- The concept of ‘unreasonable disclosure’ involves determining whether the public interest in disclosure of official information is outweighed by the need to protect an individual’s personal privacy.
- In Victoria Police v Marke, the Victorian Court of Appeal held there is ‘no absolute bar to providing access to documents which relate to the personal affairs of others’. Further, the exemption under section 33(1) ‘arises only in cases of unreasonable disclosure’ and ‘[w]hat amounts to an unreasonable disclosure of someone’s personal affairs will necessarily vary from case to case’.
- As also stated in Victoria Police v Marke, ‘[t]he protection of privacy, which lies at the heart of section 33(1), is an important right that the FOI Act properly protects. However, an individual’s privacy can be invaded to a lesser or greater degree’.
- In determining whether disclosure of the personal information in the Document would be unreasonable, I have considered the following factors:
- The nature of the personal affairs information and the circumstances in which the information was obtained
The nature of the personal affairs information is described above, at paragraph 14. The information was obtained by the Agency in carrying out its law enforcement functions.
I consider information in the Document to be sensitive and personal in nature given it relates to a breach of the law by a third party.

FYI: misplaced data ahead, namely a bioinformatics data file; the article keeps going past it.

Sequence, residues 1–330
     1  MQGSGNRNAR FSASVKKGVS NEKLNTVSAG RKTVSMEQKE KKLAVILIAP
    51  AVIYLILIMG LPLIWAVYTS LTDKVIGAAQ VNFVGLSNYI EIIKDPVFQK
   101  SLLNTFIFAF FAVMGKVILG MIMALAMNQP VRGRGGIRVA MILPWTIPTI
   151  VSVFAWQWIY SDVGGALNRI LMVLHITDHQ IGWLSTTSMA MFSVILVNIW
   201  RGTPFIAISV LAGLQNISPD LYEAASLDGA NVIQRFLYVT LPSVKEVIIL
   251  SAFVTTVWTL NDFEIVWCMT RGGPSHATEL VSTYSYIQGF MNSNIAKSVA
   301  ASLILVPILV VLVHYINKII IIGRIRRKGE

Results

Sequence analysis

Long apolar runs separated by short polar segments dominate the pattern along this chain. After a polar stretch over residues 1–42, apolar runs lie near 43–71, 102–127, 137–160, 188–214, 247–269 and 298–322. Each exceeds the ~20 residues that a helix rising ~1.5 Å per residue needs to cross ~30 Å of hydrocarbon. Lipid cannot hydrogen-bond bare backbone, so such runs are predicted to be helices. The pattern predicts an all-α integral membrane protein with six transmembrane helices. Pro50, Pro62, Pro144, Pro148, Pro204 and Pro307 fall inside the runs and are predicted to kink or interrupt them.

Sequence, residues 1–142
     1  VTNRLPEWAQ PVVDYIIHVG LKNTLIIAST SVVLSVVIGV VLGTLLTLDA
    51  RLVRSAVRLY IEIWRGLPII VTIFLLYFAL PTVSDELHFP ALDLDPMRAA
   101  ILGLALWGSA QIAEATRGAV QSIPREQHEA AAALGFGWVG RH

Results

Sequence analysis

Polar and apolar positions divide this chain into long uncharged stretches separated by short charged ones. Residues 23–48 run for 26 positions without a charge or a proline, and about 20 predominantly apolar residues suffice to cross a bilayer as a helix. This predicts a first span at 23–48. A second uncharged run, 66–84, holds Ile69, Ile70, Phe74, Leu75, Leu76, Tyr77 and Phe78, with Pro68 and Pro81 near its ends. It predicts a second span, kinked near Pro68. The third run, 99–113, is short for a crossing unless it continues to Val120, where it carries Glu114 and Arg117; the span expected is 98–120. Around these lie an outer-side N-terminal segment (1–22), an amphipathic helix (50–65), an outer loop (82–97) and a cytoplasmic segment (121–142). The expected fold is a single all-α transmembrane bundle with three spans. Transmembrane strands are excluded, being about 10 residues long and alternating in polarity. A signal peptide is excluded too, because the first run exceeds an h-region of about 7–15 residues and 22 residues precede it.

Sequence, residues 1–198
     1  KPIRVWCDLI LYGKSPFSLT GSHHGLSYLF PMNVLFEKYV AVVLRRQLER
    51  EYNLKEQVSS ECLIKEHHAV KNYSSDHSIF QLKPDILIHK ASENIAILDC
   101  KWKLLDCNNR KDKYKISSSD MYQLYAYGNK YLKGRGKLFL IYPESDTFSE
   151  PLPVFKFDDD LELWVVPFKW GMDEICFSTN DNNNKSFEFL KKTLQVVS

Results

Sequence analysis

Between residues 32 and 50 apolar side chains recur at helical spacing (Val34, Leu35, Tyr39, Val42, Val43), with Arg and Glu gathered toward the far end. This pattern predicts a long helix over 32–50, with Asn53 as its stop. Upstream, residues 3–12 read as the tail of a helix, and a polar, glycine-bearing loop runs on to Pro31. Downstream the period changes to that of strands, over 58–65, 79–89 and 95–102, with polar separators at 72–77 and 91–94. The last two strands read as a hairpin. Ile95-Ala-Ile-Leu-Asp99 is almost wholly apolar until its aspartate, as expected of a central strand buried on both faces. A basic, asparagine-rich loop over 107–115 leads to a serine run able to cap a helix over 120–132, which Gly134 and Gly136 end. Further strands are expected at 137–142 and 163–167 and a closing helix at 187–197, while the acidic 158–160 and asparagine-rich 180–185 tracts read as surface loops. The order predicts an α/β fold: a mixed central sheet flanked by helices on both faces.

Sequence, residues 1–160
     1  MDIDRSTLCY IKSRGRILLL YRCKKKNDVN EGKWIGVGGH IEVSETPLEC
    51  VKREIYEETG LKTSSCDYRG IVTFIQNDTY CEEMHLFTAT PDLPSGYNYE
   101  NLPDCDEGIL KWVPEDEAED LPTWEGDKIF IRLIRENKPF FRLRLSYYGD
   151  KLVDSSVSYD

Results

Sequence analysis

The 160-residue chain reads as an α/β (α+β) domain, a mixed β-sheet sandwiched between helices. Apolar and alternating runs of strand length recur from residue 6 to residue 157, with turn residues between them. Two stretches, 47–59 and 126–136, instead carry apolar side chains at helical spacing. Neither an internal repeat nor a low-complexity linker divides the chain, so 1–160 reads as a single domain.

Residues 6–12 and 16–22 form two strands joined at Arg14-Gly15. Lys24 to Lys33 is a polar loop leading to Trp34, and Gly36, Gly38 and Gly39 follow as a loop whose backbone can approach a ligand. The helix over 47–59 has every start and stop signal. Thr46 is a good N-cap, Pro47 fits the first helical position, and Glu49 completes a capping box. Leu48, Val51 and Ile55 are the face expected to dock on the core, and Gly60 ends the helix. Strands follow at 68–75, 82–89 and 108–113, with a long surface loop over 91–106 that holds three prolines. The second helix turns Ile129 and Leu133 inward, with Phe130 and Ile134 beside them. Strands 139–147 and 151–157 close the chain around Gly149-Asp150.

The Applicant states they are aware of the third party’s name and residential address because they were the issuing officer of the Document and the third party’s [relationship descriptor] at the time of its creation.
Even where an applicant claims to know the identity of a third party, disclosure of a third party’s personal affairs information in a document under the FOI Act may still be unreasonable in the circumstances.
The third party provided their personal affairs information to the Agency in the context of the Applicant discharging their professional duties as an Agency officer. I consider it likely the Applicant provided their personal information to the Agency on the understanding it would be only be used by the Agency in discharging its law enforcement functions. I consider it reasonably likely the third party would not expect their personal affairs information in the Document to be disclosed under the FOI Act. These factors weigh against disclosure.
- The Applicant’s interest in the information, and whether their purpose for seeking the information is likely to be achieved
The FOI Act provides a general right of access that can be exercised by any person, regardless of their motive or purpose for seeking access to a document. However, the reasons why an applicant seeks access a document is a relevant consideration in determining whether disclosure would be unreasonable in the circumstances.
The Applicant states they seek access to the Document because they want to use it as evidence in court proceedings, to demonstrate the third party is ‘getting back’ at the Applicant for issuing the infringement notice. This factor weighs in favour of disclosure.
- Whether any public interest would be promoted by release of the information
While I acknowledge the Applicant’s personal interest in seeking access to the information, there is no information before me to suggest the public interest would be promoted by the release of the personal affairs information of the third party. This factor weighs against disclosure.
- Whether the individual to whom the information relates object, or would be likely to object, to the release of the information
I do not have any information before me as to the views of the persons to whom the information relates. The Agency submits consultation was not practicable in the circumstances.